Don't Let Zombie-filled ETFs Ruin Your Retirement Portfolio

Retirement Daily Guest Contributor

By Dan Weiskopf

The implications of ETF Hertz exposure are transparent and impactful, including:

· The speed with which Hertz’s stock crashed highlights the need to know the process by which an ETF rebalances, its exposure to companies, or “zombie” industries

· The Fed’s liquidity pump creates dilution and headwinds on earnings per share but is arguably clearly better than the alternative

· A quick screen of which large ETFs have high zombie exposure

As of June 12, 2020, there are or were 5.1 million Hertz shares ($HTZ) owned by ETFs. The SPDR Transportation ETF ($XTN) has the greatest exposure at about 90 bps and small-cap ETFs, like $IWN, $VB, $VBR, $VTI and $SCHA, own millions of shares. While this specific ownership may not impact these ETFs in a big way, their ownership highlights the debate between passive and active. Meaning, why should an ETF own it at all and how or when does the rebalance process take place – monthly, quarterly or annually? Yes, I said “annually” – there are some ETFs that actually only rebalance once a year.

(To find out more about the details of Hertz ownership checkout the ETF Think Tank Tools and learn how these kinds of issues can be measured using the Smart Cost™ calculator.)

What the Fed is doing in its efforts to support market liquidity and investor confidence is keeping the window open for companies and “zombie” industries to raise needed capital to bridge the probable economic recovery.

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Zombie industries, as we in the ETF Think Tank and Toroso define them, are industries whose fundamental business models are in transition under current circumstances and whose balance sheets need some recapitalization. The obvious examples are airlines, real estate and restaurants. Hertz is the opposite of the poster child for how a “safe brand” like $GE can see shareholder value erode slowly when high debt and problems are not addressed quickly. What is a surprise about Hertz, which on February 20, 2020 was trading at about $20.20 a share, is how dramatically the stock collapsed when the world stopped traveling. In hindsight, Hertz filed bankruptcy too quickly. What might have happened if Hertz had completed a spot secondary during this period at $10 a share pre-bankruptcy?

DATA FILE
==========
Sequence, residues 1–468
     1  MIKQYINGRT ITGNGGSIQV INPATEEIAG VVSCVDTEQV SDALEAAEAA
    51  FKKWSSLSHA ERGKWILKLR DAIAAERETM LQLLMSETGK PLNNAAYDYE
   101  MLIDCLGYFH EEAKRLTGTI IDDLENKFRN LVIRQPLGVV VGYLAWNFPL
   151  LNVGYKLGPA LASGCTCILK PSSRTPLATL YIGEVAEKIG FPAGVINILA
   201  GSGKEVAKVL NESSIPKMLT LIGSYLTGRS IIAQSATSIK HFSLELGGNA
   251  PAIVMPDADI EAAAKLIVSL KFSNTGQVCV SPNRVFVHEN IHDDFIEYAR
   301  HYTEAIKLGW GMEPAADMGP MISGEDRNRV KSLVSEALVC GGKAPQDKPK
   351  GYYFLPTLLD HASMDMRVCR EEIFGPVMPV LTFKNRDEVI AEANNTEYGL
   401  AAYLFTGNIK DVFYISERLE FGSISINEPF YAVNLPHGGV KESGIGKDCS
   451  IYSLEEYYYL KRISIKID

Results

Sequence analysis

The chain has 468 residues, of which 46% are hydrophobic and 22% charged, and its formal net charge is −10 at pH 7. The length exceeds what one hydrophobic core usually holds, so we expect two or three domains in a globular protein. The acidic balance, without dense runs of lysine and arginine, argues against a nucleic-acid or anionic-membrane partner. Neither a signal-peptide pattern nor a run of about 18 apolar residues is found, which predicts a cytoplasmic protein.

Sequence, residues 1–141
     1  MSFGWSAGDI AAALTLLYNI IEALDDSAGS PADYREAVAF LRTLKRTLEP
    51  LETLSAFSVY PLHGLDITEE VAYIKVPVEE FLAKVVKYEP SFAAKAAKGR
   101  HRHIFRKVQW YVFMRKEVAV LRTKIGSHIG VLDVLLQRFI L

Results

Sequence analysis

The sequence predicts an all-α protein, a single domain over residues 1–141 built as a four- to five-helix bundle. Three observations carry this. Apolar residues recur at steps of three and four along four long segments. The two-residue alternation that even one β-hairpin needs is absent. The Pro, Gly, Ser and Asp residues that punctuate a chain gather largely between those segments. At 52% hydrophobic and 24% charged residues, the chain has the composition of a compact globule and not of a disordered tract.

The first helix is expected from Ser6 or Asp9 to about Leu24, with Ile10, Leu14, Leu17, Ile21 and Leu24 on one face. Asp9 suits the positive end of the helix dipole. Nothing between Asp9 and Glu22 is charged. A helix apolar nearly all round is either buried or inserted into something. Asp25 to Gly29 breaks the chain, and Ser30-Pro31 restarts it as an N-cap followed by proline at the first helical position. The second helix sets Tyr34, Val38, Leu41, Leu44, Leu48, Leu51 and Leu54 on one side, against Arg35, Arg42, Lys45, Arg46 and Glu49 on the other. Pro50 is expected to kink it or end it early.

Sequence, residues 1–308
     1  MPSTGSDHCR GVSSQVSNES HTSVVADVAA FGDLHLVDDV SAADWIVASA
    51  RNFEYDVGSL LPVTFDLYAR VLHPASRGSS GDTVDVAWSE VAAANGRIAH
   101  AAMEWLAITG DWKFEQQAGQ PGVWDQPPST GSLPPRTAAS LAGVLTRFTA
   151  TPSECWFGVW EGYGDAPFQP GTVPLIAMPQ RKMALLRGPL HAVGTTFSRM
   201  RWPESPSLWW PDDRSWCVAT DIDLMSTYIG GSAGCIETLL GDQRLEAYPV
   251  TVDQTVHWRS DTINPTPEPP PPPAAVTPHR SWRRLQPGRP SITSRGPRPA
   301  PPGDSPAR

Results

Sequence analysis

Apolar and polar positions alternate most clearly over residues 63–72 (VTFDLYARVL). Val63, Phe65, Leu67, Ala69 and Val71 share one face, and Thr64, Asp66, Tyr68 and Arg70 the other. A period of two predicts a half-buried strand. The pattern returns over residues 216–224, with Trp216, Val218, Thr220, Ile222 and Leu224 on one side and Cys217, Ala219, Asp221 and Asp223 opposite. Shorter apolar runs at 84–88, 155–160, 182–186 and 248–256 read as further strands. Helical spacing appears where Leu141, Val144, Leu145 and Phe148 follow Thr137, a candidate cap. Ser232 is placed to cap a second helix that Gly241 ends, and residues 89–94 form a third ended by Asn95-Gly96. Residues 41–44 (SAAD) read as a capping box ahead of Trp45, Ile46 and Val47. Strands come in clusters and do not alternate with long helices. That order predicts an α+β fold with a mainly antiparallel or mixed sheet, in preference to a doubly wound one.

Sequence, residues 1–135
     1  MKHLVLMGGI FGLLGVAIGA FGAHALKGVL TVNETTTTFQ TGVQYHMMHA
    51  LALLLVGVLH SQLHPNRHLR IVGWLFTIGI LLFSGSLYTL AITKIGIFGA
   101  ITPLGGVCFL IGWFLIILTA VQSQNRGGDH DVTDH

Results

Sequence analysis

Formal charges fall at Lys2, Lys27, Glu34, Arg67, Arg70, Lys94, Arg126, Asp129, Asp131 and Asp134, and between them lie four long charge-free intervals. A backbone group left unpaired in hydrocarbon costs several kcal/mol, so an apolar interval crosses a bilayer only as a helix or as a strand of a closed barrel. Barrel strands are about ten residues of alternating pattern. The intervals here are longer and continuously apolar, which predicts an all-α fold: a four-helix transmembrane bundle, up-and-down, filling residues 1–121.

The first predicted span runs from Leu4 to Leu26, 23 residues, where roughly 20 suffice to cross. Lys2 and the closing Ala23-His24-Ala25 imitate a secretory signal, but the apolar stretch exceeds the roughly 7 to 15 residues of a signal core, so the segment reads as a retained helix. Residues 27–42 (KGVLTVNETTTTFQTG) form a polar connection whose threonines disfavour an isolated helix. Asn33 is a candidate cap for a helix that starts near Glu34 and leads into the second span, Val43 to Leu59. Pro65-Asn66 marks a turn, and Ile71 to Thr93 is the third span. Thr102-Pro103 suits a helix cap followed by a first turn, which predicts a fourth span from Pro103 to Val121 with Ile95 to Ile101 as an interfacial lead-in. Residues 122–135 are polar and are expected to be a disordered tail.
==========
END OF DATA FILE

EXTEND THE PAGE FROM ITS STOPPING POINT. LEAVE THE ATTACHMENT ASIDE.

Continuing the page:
Hertz filed for bankruptcy on May 22, 2020, but traded millions of dollars each day between February and that date. This may be the solution that is taking place in the airline industry. According to a Bloomberg article, it seems that American Airlines and United Airlines are in the process of raising billions of dollars (American Air Braces Balance Sheet with $3.5 Billions of Dollars in Financing). Of course, every crisis has symbolic corporate victims – in 2008 it was the banks and Lehman Brothers and Bear Stearns.

The Fast Crash by Hertz - Watch out for Zombies

What is important about the speed with which the Hertz collapse occurred is the fact that many ETFs focused on value currently have high exposure (above 10%) to the zombie industries, and as passive solutions do not have a next generation or adaptive approach to the quality of the balance sheet or cash flow. Examples of zombie industries as we define them include airlines and retail, energy and leisure, gambling and real estate. A full list can be provided upon request.